Winter Haiku Collection

Kambara,Yoru no yuki by Ando Hiroshige

As the heat of summer wears on, winter haiku gives us a chance to think on cold days and all the pleasures of winter. Hot tea. Hot chocolate. Blankets. This collection of haiku includes Basho, Buson, Issa, and a few others. It’s far from exhaustive.

Haiku is a style of poetry that requires plain language and a season reference. It follows a 5-7-5 syllable rule with the 3 lines rarely rhyming. Most haiku seek to suggest a moment in time along with a feeling. It’s tempting to read too much into a haiku. Basho warns us to “prefer vegetable broth to duck soup.” That is, to prefer the literal, plain meaning over seeking something complicated.

Through their haiku you get a sense of each author’s personality. Basho’s work has a melancholy feel similar to the later concept of wabi-sabi. Buson feels observational and more even-tempered while Issa makes you grin.

Haiku focuses on many different topics. Jisei, for example, are poems written before someone dies. The smallness of haiku belies the mix of images and feelings its few words suggest. It’s tempting to read over haiku, but it works better to pause on each poem and savor it. Imagine the picture the words paint and what they suggest. Let’s look at this poem by Buson as an example:

Tethered horse;
Snow
In both stirrups.

I see a cold, wet snow. The horse has been waiting for her master for quite some time. What is her master doing? I picture the horse outside a ryokan, an inn. Her master is enjoying a hotpot with the local farmers who are itching for news from outside their snowed-in village. I sense both solitude and companionship within the fleeting moment. What do you see in the 6-word poem?

As you read these poems, take a moment to notice what images you see and feelings you have.

Winter Haiku Written By Basho

Girl In A Snowstorm. by Utagawa Kuniyasu
Girl In A Snowstorm. by Utagawa Kuniyasu

Come, let’s go
Snow-viewing
Till we’re buried.

Awake at night—
The sound of the water jar
Cracking in the cold.

The winter sun—
On the horse’s back
My frozen shadow.

First winter rain—
Even the monkey
Seems to want a raincoat.

Winter rain—
The field stubble
Has blackened.

First snow
Falling
On the half-finished bridge.

On the cow shed
A hard winter rain;
Cock crowing.

The winter storm
Hide the bamboo grove
And quieted away.

Winter solitude—
In a world of one color
The sound of wind.

Awake at night,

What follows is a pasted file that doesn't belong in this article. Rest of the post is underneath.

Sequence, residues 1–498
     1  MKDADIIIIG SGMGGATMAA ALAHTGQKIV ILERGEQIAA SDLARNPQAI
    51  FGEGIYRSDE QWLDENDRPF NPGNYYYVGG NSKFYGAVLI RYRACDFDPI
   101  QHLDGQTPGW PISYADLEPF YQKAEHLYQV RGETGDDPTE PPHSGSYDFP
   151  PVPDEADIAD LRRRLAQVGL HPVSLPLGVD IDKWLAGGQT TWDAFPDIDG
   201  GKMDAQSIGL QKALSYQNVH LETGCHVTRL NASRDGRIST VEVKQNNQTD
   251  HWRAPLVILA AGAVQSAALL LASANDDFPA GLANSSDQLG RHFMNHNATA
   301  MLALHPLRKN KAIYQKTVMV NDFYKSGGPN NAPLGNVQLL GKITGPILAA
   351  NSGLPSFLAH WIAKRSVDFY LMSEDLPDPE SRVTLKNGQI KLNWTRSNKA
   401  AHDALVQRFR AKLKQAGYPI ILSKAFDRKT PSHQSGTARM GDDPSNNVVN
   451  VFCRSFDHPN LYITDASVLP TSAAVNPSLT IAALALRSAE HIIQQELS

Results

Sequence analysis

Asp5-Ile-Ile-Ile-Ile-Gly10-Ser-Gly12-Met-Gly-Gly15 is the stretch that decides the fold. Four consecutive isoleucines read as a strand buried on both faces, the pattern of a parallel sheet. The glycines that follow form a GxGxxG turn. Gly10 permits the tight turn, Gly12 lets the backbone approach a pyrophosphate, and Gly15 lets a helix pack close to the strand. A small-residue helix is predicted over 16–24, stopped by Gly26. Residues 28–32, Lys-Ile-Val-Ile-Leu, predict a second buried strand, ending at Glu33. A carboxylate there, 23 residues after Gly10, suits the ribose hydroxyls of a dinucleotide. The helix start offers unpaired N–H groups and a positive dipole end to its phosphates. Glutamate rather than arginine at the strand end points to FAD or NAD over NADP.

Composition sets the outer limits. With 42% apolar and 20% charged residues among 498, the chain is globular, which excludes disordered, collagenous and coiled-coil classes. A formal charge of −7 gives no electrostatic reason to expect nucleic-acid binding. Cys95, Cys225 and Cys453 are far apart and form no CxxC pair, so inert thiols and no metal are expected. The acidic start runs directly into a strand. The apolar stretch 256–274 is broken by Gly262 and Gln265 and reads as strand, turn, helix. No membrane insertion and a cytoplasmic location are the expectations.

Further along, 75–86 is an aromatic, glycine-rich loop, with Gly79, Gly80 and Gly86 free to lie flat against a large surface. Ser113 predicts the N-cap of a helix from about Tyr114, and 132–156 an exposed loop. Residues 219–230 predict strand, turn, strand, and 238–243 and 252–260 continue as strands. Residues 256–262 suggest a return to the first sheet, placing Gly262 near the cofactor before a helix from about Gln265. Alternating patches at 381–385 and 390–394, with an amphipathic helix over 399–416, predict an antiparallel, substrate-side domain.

The lamp low,
The oil freezing.

When the winter chrysanthemums go,
There’s nothing to write about
But radishes.

The she cat—
Grown thin
From love and barley.

Winter garden,
The moon thinned to a thread,
Insects singing.

Wintry wind—
Passing a man
With a swollen face.

The winter leeks
Have been washed white –
How cold it is!

All this foolishness
About moons and blossoms
Pricked by the cold’s needle.

Still alive
And frozen in one lump—
The sea slugs.

Winter Haiku Written by Buson

Kameyama, Yukibare by Ando Hiroshige
Kameyama, Yukibare by Ando Hiroshige

Blow of an ax,
Pine scent,
The winter woods.

The sound of a saw;
Poor people,
Winter midnight.

Going home,
The horse stumbles
In the winter wind.

Straw sandal half sunk
In an old pond
In the sleety snow.

Cover my head
Or my feet?
The winter quilt.

Tethered horse;
Snow
In both stirrups.

Flowers offered to the Buddha
Come floating
Down the winter river.

Miles of frost –
On the lake
The moon’s my own.

Winter Haiku Written by Issa

kawase hasui sangedastsu
Sangedastsu by Kawase Hasui

 

The snow is melting
And the village is flooded
With children.

January—
In other provinces
Plums blossoming.

Napped half the day;
No one
Punished me!

From the end of the nose
Of the Buddha on the moor
Hang icicles.

Writing shit about new snow
For the rich
Is not art.

Here,
I’m here—
The snow falling

Various Authors

Confined within doors
A priest is warming himself
Burning a Buddha statue.
– Natsume Soseki

Winter well:
A bucketfuL
Of starlight.
– Horiuchi Toshimi

At the winter solstice
The sun permeates the firmament
Of the mountain province.
– Iida Dakotsu

See the river flow
In a long unbroken line
On the field of snow.
– Boncho

Glittering flakes:
The wind is breaking
Frozen moonlight.
– Horiuchi Toshimi

References

Hass, Robert (1994) The Essential Haiku. NJ, The Ecco Press.